Unitarian Sunday Reflections
(Hull and Lincoln Unitarians)
02 July 2023
Musician: Jennifer Young
Worship Leader: John Carter
Musician: Graziana Presicce
Worship Leader: John Carter
Calling & Transformation”
WORDS OF WELCOME
Welcome to each and to all:
seekers, journeyers, questing, and content.
May our time of reflection and worship,
fill our desire for wholeness and belonging.
In this time together we are made worthy…..
“Jacob does what all of us must do if,
in the end,
we too are to become true.
He confronts in himself the things that are wounding him,
admits his limitations,
accepts his situation,
rejoins the world,
and moves on.”
~ Joan Chittister
by John Carter
We light our chalice
As we open ourselves to this spiritual journey we call life
We light our chalice
to confess our willingness to be a light to our world,
We light our chalice
to confirm our desire to become
co-creators of passionate life
and of a world of justice, love and peace.
We light our chalice
GATHERING EXAMEN (OPENING PRAYER)
Once again we gather, and we take time to reflect on our lives and living….
May our reflections continue in this time together, as we join to reflect on the deep things of the divine, and so we pray…
“May the spirit of life, guide us today” AMEN
SYF 186 (2/18) “We are travellers on a journey” words by Andrew McKean Hill
SYF 157 “The flame of truth and flame of love” words by D. Elwyn Davies
Today we explore the connections between Call, Calling, Blessing, Conversion, and Transformation.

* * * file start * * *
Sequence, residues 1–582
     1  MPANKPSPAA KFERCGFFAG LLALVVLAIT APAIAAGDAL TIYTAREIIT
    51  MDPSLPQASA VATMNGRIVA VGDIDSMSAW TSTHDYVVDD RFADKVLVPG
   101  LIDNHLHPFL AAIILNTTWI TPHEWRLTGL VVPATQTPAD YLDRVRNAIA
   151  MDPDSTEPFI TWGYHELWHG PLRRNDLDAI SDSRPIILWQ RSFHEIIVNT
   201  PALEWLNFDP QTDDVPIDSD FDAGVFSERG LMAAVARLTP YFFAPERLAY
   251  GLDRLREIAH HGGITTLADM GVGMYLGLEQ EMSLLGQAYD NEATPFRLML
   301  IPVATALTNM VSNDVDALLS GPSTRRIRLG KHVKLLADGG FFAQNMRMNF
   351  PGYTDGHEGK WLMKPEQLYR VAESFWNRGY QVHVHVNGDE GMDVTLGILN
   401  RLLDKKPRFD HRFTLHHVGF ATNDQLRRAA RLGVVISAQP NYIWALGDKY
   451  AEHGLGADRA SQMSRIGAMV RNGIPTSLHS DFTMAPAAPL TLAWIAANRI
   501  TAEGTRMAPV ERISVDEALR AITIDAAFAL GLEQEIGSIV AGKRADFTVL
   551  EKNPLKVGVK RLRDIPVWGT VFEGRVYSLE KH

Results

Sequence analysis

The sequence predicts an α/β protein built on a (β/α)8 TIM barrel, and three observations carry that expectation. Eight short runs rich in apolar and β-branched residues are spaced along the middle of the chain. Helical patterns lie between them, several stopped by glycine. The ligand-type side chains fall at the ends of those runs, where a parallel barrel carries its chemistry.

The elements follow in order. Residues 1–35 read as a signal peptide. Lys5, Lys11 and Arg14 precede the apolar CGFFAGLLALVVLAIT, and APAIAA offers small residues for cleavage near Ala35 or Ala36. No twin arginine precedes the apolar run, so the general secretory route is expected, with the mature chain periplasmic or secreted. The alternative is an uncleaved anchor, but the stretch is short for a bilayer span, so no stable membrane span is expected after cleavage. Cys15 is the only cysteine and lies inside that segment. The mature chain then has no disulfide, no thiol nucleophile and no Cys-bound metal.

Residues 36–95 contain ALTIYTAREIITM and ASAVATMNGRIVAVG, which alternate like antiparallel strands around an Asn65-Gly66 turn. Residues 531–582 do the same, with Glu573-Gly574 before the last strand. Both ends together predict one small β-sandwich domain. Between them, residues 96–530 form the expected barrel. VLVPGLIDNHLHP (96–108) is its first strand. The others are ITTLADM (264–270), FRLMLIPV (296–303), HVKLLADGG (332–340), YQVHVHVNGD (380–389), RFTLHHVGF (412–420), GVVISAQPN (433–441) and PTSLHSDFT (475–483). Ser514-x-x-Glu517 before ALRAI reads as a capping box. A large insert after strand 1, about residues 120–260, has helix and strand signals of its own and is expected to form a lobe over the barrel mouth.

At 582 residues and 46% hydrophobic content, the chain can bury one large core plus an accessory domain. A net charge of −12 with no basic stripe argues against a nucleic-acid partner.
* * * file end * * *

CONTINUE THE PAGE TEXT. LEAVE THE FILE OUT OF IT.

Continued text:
the message of crazy horse
by lucille clifton
i would sit in the center of the world,
the Black Hills hooped around me and
dream of my dancing horse. my wife
was Black Shawl who gave me the daughter
i called They Are Afraid Of Her.
i was afraid of nothing
except Black Buffalo Woman.
my love for her i wore
instead of feathers. i did not dance
i dreamed. i am dreaming now
across the worlds. my medicine is strong.
my medicine is strong in the Black basket
of these fingers. i come again through this
Black Buffalo woman. hear me;
the hoop of the world is breaking.
fire burns in the four directions.
the dreamers are running away from the hills.
i have seen it. i am crazy horse.
by Langston Hughes
Sweet and docile,
Meek, humble and kind:
Beware the day
They change their mind!
In the cotton fields,
Beware the hour
It uproots trees!
A Litany for Survival
by Audre Lorde
For those of us who live at the shoreline
standing upon the constant edges of decision
crucial and alone
for those of us who cannot indulge
the passing dreams of choice
who love in doorways coming and going
in the hours between dawns
looking inward and outward
at once before and after
seeking a now that can breed
like bread in our children’s mouths
so their dreams will not reflect
the death of ours;
For those of us
who were imprinted with fear
like a faint line in the center of our foreheads
learning to be afraid with our mother’s milk
for by this weapon
this illusion of some safety to be found
the heavy-footed hoped to silence us
For all of us
this instant and this triumph
We were never meant to survive.
And when the sun rises we are afraid
it might not remain
when the sun sets we are afraid
it might not rise in the morning
when our stomachs are full we are afraid
when our stomachs are empty we are afraid
we may never eat again
when we are loved we are afraid
love will vanish
when we are alone we are afraid
love will never return
and when we speak we are afraid
our words will not be heard
but when we are silent
we are still afraid
So it is better to speak
we were never meant to survive.
Lighthearted I walked into the valley wood
In the time of hyacinths,
Till beauty like a scented cloth
Cast over, stifled me. I was bound
Motionless and faint of breath
By loveliness that is her own eunuch.
Now pass I to the final river
Ignominiously, in a sack, without sound,
As any peeping Turk to the Bosphorus.
SYF 202 (3/22) “When earth is changed” words by Ruth C. Duck
SYF 29 “Deep in the shadows of the past” words by Brian Wren